Neither current GAAP nor the pending guidance in FASB ASC 606 contains specific guidance for the derecognition of prepaid stored-value card liabilities within the scope of the amendments in this proposed ASU.

Effective Date

The amendments in this proposed ASU would be applied using a modified retrospective basis of application by means of a cumulative-effect adjustment to retained earnings as of the beginning of the annual period in which the guidance is effective.

The effective date and the ability to apply the amendments before the effective date will be determined after FASB considers stakeholder feedback on this proposed ASU.

Proposed ASU Revenue from Contracts with Customers (Topic 606): Identifying Performance Obligations and Licensing

Proposed ASU Revenue from Contracts with Customers (Topic 606): Identifying Performance Obligations and Licensing was issued May 12, 2015. The comment deadline ended June 30, 2015.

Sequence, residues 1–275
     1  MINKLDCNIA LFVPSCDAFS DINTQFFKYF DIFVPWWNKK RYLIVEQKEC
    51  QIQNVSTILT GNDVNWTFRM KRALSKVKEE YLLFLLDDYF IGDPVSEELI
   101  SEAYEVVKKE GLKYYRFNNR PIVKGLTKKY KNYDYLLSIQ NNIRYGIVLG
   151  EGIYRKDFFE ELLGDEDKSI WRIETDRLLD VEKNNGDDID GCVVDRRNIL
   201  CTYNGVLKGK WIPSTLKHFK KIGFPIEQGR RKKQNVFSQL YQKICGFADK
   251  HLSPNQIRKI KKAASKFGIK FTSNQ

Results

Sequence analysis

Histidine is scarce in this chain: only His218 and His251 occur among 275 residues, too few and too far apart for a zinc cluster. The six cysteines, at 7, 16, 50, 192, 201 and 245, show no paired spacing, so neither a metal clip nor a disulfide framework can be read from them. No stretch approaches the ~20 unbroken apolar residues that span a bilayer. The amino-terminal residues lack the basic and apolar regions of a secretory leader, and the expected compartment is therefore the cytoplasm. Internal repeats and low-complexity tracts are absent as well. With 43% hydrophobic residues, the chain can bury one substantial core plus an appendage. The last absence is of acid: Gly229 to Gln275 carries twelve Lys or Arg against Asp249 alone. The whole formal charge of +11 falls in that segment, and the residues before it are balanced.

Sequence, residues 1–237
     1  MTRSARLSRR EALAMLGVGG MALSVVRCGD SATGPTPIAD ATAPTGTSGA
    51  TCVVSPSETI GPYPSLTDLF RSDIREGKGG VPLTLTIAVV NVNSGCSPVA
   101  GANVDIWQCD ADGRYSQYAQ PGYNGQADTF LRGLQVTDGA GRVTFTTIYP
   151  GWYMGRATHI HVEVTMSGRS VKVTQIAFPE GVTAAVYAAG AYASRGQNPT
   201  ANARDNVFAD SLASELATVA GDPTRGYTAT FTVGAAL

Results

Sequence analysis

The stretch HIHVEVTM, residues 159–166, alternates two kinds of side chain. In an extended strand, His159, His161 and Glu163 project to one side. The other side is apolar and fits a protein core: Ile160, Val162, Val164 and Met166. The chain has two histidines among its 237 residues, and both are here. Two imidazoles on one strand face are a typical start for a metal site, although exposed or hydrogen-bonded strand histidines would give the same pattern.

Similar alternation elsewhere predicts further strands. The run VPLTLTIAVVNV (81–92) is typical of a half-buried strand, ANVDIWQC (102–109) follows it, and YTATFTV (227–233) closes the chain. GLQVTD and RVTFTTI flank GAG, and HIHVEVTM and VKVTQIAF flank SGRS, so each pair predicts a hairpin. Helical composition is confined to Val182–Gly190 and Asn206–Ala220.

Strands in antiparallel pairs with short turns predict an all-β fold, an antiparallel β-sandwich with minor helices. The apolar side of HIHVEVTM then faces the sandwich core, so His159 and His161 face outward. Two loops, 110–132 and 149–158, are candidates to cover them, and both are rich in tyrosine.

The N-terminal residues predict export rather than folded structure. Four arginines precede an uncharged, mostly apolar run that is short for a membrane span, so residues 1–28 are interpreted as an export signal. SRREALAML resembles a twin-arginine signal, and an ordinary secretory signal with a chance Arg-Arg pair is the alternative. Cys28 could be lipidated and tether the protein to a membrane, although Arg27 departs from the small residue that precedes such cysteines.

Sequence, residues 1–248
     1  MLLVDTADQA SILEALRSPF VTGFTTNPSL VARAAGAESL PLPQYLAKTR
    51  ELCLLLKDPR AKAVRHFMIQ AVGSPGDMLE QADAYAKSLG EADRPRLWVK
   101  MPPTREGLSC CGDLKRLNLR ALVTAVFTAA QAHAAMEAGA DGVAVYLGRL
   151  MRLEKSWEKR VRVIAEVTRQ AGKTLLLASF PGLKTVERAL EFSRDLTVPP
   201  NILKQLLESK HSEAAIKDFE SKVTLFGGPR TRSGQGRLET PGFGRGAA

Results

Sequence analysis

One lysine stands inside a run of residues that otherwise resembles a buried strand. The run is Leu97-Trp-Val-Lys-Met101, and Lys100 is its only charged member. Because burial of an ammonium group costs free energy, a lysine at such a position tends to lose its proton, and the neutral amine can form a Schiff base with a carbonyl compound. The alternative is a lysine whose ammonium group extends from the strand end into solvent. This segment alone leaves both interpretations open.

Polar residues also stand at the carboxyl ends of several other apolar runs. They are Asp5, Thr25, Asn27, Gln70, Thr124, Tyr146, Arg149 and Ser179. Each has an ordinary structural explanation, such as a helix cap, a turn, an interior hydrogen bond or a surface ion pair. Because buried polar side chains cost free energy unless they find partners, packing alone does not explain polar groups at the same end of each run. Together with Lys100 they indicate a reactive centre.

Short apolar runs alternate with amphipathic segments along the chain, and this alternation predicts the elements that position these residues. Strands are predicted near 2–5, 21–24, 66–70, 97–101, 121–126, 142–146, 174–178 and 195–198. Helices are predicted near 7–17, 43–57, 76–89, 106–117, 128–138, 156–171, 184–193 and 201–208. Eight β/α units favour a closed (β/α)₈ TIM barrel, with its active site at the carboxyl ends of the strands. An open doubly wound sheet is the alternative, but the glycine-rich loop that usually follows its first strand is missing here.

Background

As a result of the issuance of ASU No. 2014-09, Revenue from Contracts with Customers (Topic 606), FASB and IASB announced the formation of the FASB-IASB Joint Transition Resource Group for Revenue Recognition (TRG). The TRG

 informs the two boards about potential implementation issues that could arise when organizations implement the new revenue standard;

 helps some stakeholders to better understand specific aspects of the new revenue standard from others; and

 does not issue authoritative guidance.

The two boards evaluate the feedback received from the TRG and other stakeholders to determine what action, if any, is necessary for each potential implementation issue.